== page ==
Let thy congregation escape tribulation;
Thy name be ever praised! O Lord, make us free!

Learn more about this famous piece of music in A Hymn's Long Journey Home: The Surprising Origins of "We Gather Together," a Thanksgiving Standard.

Incidentally, this isn't the version I learned. I was so very puzzled the first time I watched the "Home From Home" segment of Alistair Cooke's America and heard them singing the three verses stated above. Apparently the author of the song was a staunch anti-Catholic, so there is a Catholic version that contains the following verses, which is what I remember:

We gather together to sing the Lordís praises
To worship the Father through Jesus, His Son.
In this celebration
All sing with jubilation.
We are His holy people whose freedom He won.

We greet our Lord present within this assembly
To hear His good news announced clearly to all.
Our priest is presiding
In Christ we are abiding
As we invoke Godís blessing and answer His call.

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THANKSGIVING POETRY AND VINTAGE POSTCARDS

"As Yellow as Gold"

Here is a pumpkin, fluted, golden,
Written o'er with customs olden
Out of bygone days.
Cinderella's ancient glory,
Sung in song and told in story,
Suits its yellow blaze.

Tables at the first Thanksgiving,
When colonial dames where living,
Shewed its golden sheer.
Still it smiles a friendly greeting
At the happy family meeting
On the feast-day dear

Christmas rooms are gay with holly,
Christmas sees the merry folly
Of the mistletoe.
Easter lilies, pure and stately,
In the springtime bloom sedately,
When soft breezes blow.

Autumn dressed the woods in splendor;
But their colors, rich and tender,
All have passed away.
Now the pumpkin, ripe and mellow,
Keeps a tint of Autumn's yellow
For Thanksgiving Day.

Mary E. Knowlton (1904)

Boy with turkey on pushcart
"Horn of Plenty"

If I had a horn of plenty to fill,
I would take from the field, take from the hill.
I'd not spare the garden its green and gold;
I'd ask of the bee; I'd ask of the fold.

Just so does our God, who has mouths to feed—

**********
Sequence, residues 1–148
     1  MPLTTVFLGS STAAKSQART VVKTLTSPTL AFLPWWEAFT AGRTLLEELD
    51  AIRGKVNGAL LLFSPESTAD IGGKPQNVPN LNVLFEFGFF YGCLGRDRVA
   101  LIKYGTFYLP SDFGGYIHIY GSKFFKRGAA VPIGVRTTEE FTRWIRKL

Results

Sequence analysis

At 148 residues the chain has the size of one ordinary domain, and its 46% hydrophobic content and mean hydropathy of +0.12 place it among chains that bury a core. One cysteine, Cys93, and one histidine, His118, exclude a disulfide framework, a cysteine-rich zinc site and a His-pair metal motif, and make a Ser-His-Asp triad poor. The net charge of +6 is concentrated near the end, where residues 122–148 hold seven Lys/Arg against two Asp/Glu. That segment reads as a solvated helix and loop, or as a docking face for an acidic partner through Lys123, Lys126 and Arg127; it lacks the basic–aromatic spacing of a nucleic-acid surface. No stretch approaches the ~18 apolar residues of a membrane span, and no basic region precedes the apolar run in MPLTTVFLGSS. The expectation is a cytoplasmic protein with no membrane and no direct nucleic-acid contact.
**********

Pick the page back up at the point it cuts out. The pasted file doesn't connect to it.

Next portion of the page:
For the world is hungry, and all have a need—
As He gives us water and sun and air,
Supplying our wants with infinite care.

I do have a horn of plenty to fill,
By lending a hand and doing God's will
All through the summer and into the fall—
When the first leaf reddens, the last geese call.

May God's horn of plenty fill to the brim
And a day of Thanksgiving be held for Him.

Minnie Klemme

Turkey

"Home for Thanksgiving"

A hundred miles of singing road
Where hill-caped farmlands fall and rise
With gaping bins of yellow grain
And pumpkin gold and harvest skies.
The hillside home the heart knows well,
The warmth where open arms await,
The sweets and spice all nostril-nice,
The turkey-stuffing-laden plate—
This feast with loved ones a world away,
All mine by journey of heart today.

Angela Gall

Turkey and Grapes

"Thanksgiving Inventory"

I thank Thee, Lord, for beauties such as these
Out of the dying year's abundant yield:
The first long strands on weeping-willow trees,
The rich brown furrows of a new-plowed field.

Sunset clouds like chariots of fire,
A mountain lake of deep, mysterious blue,
Exultant music of a linnet choir,
The scent of roses, cool and fresh with dew.

Frost-turned maples in a hilltop row,
Bins of corn and dancing bonfire lights,
Arms of cedars sagging under snow,
Drifts of wind-blown stars on clear, cold nights.

I thank Thee, Lord, for beauties given me;
I pray I gave some lovely thing to Thee.

Sudie Stuart Hager

Uncle Sam and turkey

"Look for Things"

Look for things to be thankful for:
A dear old face at an open door,
The table set for the family meal,
A husband's love that is true as steel.

A cushioned chair that you fixed yourself,
Your favorite books on a nearby shelf,
A green-hued twilight that sort of glows,
The clean, fresh smell of a brier rose.